John Splithoff

Presented/Guest
with Jamie Drake
Date
Thursday, October 27, 2022
Time/Doors
Doors 7 | Show 8
Buy Tickets
Facebook Event
Main Image

Description

“This album has been a long time coming,” says John Splithoff. “I guess you could call it a slow burn.”

Recorded in both New York and Los Angeles, ‘All In,’ Splithoff’s invigorating debut, has indeed been brewing for quite some time now, and its release this year marks the culmination of nearly a decade of highs and lows, victories and defeats, breakthroughs and setbacks. Building off a series of hit singles, the collection is bold and self-assured, mixing intoxicating R&B swagger with soulful introspection and dazzling harmonic sophistication.
Splithoff writes to make sense of himself and his world here, and though the record was written and recorded before the arrival of COVID-19, it feels particularly fitting for the times, grappling with loneliness and isolation in the face of longing and desire. The songs are subtle in their personal reckonings, often masking deep, profound revelations with playful,
effervescent arrangements, and Splithoff’s performances are similarly complex, exuding both a carefree independence and a burning need for connection all at once. It’s a conflicted album for a conflicted moment, a rich, mesmerizing collection that hints at everything from Marvin Gaye and Prince to Calvin Harris and John Mayer as it transforms doubt into determination and self-reflection into celebration.

“After releasing singles for six or seven years, I wanted to create something bigger and more immersive this time around,” says Splithoff. “I wanted to make something that could take you places from start to finish.”
Splithoff’s been letting music take him places for most of his life now. Born and raised outside Chicago, he grew up obsessed with classic rock and guitar gods before developing a taste for jazz, which led him to study performance at the University of Miami.

While the city’s electronic and Latin scenes opened up new horizons, it was the time spent listening to D’Angelo, Daft Punk and Prince that would have the biggest impact on Splithoff during this time.

After graduation, Splithoff moved to New York, where he lived on an old classmate’s couch in Harlem for three months while he put together a band and started playing gigs around the city. He released an independent EP in 2013 and then struck gold a few years later with his 2016 single, “Sing to You,” which racked up more than 50 million streams online and cracked the Top 10 at AC radio. The track’s meteoric rise, and the similar success of
subsequent singles like 2017’s “Show Me,” helped fuel multiple national headline tours and land Splithoff festival slots everywhere from Bonnaroo to Lollapalooza. Along the way, a brief stint with a major label only confirmed his desire to chart his own destiny, and as soon as he was back on his own, Splithoff began cooking up plans for a full-length record.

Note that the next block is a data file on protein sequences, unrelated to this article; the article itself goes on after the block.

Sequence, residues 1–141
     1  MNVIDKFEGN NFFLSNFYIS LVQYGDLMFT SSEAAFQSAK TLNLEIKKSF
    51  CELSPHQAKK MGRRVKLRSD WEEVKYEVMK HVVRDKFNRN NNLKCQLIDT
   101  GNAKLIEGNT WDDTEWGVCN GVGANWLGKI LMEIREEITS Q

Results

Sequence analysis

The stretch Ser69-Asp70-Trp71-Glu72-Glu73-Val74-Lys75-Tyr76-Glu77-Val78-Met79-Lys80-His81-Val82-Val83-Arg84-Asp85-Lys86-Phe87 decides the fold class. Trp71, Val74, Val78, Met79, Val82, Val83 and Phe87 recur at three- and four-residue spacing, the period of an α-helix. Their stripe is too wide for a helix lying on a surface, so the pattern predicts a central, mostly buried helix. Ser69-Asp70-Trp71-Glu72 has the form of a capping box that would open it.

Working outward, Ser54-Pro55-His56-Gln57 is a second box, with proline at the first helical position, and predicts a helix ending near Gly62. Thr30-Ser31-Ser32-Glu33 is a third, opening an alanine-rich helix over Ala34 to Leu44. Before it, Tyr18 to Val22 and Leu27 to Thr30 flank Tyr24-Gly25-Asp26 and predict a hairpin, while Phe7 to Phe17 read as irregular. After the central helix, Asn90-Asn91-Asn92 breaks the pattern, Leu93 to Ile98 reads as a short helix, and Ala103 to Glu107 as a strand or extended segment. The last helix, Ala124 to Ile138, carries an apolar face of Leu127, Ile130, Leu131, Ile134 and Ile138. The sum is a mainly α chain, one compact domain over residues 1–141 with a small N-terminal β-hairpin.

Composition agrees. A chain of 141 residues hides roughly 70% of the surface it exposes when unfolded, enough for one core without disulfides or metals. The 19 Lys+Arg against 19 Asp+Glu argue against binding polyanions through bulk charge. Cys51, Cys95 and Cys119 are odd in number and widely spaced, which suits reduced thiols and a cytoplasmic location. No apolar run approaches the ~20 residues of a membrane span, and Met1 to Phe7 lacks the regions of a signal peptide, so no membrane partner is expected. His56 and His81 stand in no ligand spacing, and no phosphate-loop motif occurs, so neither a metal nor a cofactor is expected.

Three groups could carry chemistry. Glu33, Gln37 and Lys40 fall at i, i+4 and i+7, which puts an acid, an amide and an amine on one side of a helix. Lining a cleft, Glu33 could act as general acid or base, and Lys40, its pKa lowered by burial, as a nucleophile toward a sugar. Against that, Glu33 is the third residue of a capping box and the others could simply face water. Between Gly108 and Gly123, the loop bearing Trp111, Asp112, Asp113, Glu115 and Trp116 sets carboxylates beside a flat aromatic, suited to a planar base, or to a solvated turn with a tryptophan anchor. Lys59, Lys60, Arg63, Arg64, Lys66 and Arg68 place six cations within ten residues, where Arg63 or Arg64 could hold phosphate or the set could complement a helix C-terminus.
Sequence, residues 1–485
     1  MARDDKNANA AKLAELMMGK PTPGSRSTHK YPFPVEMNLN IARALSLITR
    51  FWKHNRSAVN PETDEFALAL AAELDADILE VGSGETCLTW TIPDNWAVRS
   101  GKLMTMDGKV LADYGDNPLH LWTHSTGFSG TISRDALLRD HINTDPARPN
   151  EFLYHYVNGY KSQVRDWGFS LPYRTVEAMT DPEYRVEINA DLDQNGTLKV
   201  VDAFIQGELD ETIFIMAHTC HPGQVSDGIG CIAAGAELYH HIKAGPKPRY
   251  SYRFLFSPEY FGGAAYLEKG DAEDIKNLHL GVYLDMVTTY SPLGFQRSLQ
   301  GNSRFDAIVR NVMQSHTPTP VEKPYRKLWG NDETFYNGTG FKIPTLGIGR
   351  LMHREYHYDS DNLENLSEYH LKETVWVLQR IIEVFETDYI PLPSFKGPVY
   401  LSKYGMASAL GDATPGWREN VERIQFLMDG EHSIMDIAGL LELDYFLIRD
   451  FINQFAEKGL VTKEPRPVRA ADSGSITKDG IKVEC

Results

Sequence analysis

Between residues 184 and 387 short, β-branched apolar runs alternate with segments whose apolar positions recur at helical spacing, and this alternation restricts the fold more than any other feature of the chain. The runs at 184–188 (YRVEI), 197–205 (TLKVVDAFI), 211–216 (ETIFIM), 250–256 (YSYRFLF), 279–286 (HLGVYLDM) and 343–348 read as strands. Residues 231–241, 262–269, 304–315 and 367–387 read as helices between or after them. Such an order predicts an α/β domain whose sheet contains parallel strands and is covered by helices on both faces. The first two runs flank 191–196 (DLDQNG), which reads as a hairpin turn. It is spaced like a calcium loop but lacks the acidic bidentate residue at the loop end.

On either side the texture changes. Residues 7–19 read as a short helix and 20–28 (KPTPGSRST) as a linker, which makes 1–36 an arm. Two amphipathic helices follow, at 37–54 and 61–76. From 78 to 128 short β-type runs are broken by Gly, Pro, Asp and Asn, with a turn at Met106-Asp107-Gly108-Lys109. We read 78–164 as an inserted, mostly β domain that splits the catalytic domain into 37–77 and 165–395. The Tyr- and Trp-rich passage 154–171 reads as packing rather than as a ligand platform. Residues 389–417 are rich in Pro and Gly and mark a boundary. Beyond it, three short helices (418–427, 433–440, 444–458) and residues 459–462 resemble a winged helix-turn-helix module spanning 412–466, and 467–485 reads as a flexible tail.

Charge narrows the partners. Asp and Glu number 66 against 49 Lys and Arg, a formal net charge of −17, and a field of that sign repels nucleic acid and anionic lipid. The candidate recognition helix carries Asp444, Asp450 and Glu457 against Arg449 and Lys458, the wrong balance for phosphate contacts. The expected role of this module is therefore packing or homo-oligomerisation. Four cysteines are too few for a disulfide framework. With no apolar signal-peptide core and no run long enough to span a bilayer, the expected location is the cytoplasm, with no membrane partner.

“For a long time, I felt kind of stuck in this cycle of releasing single after single,” he explains. “It’s what everyone was looking for from me, and I found myself writing in a certain way to meet that demand. After a while, though, I didn’t want to keep thinking about the world three minutes at a time.”

So, for the first time in his career, Splithoff began writing a series of songs that could flow seamlessly one into the next, a cohesive collection meant to be consumed from top to bottom. He worked primarily out of his apartment in New York, building up tracks a layer at a time and playing most of the instruments himself. It was a rewarding process, but also a lonely one, and after months of recording in isolation, Splithoff decided he
needed a change of scenery and some fresh ears. “I found myself lacking perspective at a certain point, and I think that came from being cooped up on my own for too long,” he explains. “So, I flew out to LA and brought the songs to a couple different producers—a duo called Likeminds and an old friend and collaborator named Alias—and finished everything off out there.”

The LA sessions offered a fresh injection of energy for the music, infusing tracks with the kind of chemistry that can only come from human interaction and creative collaboration. On the day Splithoff flew back to New York, life changed dramatically with the announcement of COVID lockdowns, and suddenly the material he’d written while isolated
at home took on new meaning. “I think a lot of the feelings people have experienced over the past year in quarantine are things that I’d been experiencing in the year leading up to it,” says Splithoff. “When spending a
lot of time creating by yourself, it leaves a lot of opportunity for you to be alone with your thoughts, to try and figure out who you are and what you really want out of life.” ‘All In’ embraces that kind of soul searching from the top, opening with the hypnotic “Note To Self,” which aims to balance drive and purpose with self-awareness and perspective. “Tell me, what are you gonna do with all that ambition?” Splithoff sings in a buttery smooth voice. “You can keep your up in the clouds ‘till the end of time / I think you’re trying too hard to put on an exhibition / And make something that everybody can get behind.” Tossing out expectations in favor of following your own arrow is a recurring theme on the album, and in Splithoff’s life. The dreamy “Thrive” learns to define success on its own terms in a comparison-driven, social media-obsessed society; the funky “Good